Whilst our regulars are really important to us, we have to include all the other users of the pub too, and even more so those who live in the area but aren’t using it yet. So we’ve decided we need to do more door knocking to really listen to our local community, something we haven’t systemically done for a little while now.
We’ve learnt that of most importance to people is having a palpable sense of power, not just being able to turn up to AGMs and vote people on and off a committee (whose role made no sense to them in the first place) but on more immediate things.
What beers to serve, what events to put on, perhaps hold chats about our policies and work on them together rather than decide them on the Committee. We’re not quite sure the best way to do this yet – it’s fair to say we’re working on it.
I often describe the Bevy Management Committee as the best board I’ve ever been on. We’re not perfect – far from it – and I’m sure many governance experts would choke on their pint if they saw some of the admin processes we have in place. But we take our responsibilities seriously and manage them carefully (the admin is getting a lot better). We are rooted in our local community, we have great talent, honest conversations, there is a lot of trust between us all, and we have a lot of fun. Over the past few years we’ve been a part of turning a closed down pub with a bad reputation into a thriving community hub – and we’re even making a profit now. But perhaps the most important thing is that we never stand still and are always challenging ourselves to get better. This is what the Bevy has taught me, and if you’ve been reading my previous columns you’ll perhaps recognise some of these themes:
- The Board or Management Committee shouldn’t see themselves on some kind of pedestal, looking down- they are but one part of the organisation.
- You need to work hard on developing trust – using honest and transparent communication, but more importantly two-way conversation that builds relationships between people.
- It’s about power and the need to distribute it more evenly in ways that are accessible and meaningful. That often starts with some symbolic, immediate and palpable decision-making, however small.
- The Management Committee only works if it represents the community it serves. We would never have started to notice or understand potential issues without people on the Committee who were close enough to our community raise them.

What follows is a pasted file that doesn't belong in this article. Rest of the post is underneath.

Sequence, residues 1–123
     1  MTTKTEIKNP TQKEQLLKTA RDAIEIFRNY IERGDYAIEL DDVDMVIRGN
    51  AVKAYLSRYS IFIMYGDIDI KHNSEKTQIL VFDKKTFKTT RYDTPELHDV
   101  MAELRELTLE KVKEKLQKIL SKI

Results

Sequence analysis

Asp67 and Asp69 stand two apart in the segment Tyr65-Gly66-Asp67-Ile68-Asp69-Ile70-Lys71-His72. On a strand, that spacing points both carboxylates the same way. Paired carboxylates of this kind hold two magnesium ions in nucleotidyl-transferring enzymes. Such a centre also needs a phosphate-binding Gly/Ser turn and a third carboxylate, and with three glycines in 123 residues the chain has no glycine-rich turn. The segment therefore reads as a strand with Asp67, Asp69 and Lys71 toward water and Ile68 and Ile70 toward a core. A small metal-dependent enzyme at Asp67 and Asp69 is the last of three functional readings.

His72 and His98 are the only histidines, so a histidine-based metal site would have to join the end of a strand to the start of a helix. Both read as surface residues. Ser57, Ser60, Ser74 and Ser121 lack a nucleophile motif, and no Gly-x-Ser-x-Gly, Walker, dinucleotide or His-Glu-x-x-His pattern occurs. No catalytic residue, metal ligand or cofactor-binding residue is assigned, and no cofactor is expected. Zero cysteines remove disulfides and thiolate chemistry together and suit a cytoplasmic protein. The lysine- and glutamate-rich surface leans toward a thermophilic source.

- You need to keep revising systems and processes to support your good intentions. Without them they are promises that will drift after the initial surge of enthusiasm. If we’d just had a few chats about membership but not started changing our formal approach, for example, we might have brushed things away in the short-term but in the long-term trust could quickly evaporate.
- Relationships and needs change over time and the processes you once relied on might not work in a year. We can’t afford to think ‘job done’ so we need to stay open to change and build in mechanisms to constantly review how we’re doing.
I do a lot of work with various boards on governance and management – from networks, to small community groups and organisations, to co-operatives, to larger charities and foundations. Although these issues always play out in different ways (not many of those I’ve worked with have spent much time talking about sofas outside a pub!) they are nearly always there and I’d be hard pushed to think of any case where this learning isn’t applicable to any organisation trying to create social change regardless of its size.
So, take just a moment and think to yourselves – as the leader in the social sector what’s your own version of the sofa outside the pub story? How might that have an impact on effective governance for your organisation? And how might you respond?
And for all those wondering – that sofa stayed outside (for a while) but is now firmly back inside the pub and it’s way too cold to move it. Next summer? Who knows…